The Wichita State women’s basketball team is favored to win its third straight Missouri Valley Conference championship, and rightfully so.
The Shockers return five of their top six players from last season’s title winners, which pushed Penn State, who went on to the Sweet 16, to its limits in the first round of the NCAA Tournament. Those five alone make WSU the class of the conference.
But really, this team revolves around 5-foot-11 senior Alex Harden. She spearheads a deadly full-court press, can defend four positions, bring the ball up and direct the offense, and morph into an unstoppable force when driving toward the basket. Harden has been the best two-way player in the conference for two years now, and is looking to elevate her game to an even higher level in her farewell season.
The graduation of Michelle Price forces this team to evolve. Price’s post defense, magnetic rebounding ability, and relentless energy cannot be replicated. But the Shockers can survive, and perhaps even become more potent offensively by introducing another shooter into the starting unit.
Last season WSU struggled at times with its spacing on offense. Harden and Jamillah Bonner are excellent at breaking down defenses by penetrating the middle, but last season defenses could collapse and afford to let WSU shoot three-pointers. That should change this season with the addition of Alie Decker into the starting lineup.
Michaela Dapprich, strong enough at 5-10 to defend the post and capable of shooting the three, will become a full-time stretch four this season. Along with Decker, they will camp out along the perimeter and make teams pay for leaving them to help stop Bonner or Harden.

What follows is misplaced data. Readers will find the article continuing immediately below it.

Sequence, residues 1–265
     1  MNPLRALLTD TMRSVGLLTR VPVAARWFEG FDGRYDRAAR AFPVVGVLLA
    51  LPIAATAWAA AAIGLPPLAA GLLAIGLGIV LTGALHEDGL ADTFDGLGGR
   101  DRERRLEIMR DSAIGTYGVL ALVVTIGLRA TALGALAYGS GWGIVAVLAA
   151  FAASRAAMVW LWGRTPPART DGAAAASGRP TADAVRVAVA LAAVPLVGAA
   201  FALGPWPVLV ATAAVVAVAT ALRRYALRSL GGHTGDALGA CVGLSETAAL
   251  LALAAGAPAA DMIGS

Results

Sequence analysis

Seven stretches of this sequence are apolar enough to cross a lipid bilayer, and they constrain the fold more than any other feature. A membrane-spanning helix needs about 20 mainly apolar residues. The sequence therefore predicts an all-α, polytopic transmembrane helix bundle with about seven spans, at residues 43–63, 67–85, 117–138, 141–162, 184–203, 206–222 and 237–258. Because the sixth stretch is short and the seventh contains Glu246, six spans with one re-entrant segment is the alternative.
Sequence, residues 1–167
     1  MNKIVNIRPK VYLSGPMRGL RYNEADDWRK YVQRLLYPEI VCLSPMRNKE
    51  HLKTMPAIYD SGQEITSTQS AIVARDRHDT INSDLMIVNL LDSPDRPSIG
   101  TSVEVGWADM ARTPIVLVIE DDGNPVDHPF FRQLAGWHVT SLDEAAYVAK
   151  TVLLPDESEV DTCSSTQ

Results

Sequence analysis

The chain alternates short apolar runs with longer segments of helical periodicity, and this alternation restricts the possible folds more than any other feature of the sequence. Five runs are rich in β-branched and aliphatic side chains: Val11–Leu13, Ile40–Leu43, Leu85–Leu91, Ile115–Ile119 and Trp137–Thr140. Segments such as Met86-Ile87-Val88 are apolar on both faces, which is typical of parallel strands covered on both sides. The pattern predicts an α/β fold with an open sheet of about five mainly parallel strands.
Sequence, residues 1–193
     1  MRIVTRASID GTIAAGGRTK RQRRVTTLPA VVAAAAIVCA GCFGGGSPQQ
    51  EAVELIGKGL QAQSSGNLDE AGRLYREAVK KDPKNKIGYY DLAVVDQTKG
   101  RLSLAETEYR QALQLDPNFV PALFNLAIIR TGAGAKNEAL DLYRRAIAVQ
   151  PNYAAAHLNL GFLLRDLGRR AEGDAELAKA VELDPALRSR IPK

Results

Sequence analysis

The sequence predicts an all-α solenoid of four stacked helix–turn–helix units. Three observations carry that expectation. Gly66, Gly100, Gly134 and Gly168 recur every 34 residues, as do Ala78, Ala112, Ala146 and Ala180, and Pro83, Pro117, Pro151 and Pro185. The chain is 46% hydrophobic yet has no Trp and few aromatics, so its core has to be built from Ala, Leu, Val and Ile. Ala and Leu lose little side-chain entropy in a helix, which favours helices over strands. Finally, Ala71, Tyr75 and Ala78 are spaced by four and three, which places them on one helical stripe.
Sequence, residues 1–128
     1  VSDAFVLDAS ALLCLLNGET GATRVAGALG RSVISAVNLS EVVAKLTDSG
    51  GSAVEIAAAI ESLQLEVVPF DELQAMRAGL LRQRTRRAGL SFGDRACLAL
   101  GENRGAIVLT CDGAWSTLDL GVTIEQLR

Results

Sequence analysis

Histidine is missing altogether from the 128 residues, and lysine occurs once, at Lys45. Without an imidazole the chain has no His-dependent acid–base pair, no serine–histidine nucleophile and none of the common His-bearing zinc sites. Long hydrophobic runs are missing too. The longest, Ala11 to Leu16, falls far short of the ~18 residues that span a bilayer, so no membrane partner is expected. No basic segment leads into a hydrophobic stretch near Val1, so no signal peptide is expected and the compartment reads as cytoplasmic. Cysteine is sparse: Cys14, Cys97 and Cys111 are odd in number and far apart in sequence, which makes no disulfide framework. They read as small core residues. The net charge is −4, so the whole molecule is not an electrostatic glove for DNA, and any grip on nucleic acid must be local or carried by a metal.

The full-court pressure employed by Adams in a variety of fronts is as potent as ever this season, with Harden, Bonner, and Jacobs capable of wrecking havoc, and should generate plenty of turnovers once again. But this year, WSU will not rely on it for a good portion of its offense.
Rebounding is a concern, as Dapprich and Jacobs have never anchored the team’s rebounding before. But Bonner and Harden are plus-rebounders from the guard spots, and under Adams WSU has shown the toughness to negate its lack of height and bulk on the blocks.
The only unknown entering the season is the team’s bench. Only five are eligible to play this season and only sophomore Jaleesa Chapel has played anything close to meaningful minutes. There are talented options, but consistency is vital to Adams and will determine who emerges as reliable options.
Chapel, a rugged defender who can seamlessly transition into the press, is the best bet to be the first off the bench. Aundra Stovall is a fiery freshman and the only option to run point behind Bonner and Harden. Kayla White is another guard possibility, and Dapprich’s younger sister, Moriah, is working on her aggression.
But the most tantalizing option is 6-foot-3 sophomore transfer Brittany Martin, who gives Adams something she’s never had at WSU: height. And Martin isn’t a statue. She can run the floor and use her athleticism and length to protect the paint for the Shockers. If her mental side catches up with her physical attributes, Martin could push WSU to a new level of play.
This team has the pieces to win the Valley solely for the first time and return to the NCAA Tournament for the third straight season. But can it win on the biggest stage? That remains to be seen, but this year’s team, with Harden at her peak, could be WSU’s best chance.
Shocker women’s roster
Red Oak, Texas
All times p.m.
at E. Washington
x-Florida Gulf Coast
Sam Houston St.
at Missouri St.
at Northern Iowa
at Illinois St.
at Southern Illinois
at Indiana St.
x-at St. Thomas, Virgin Islands
y-at St. Charles, Mo.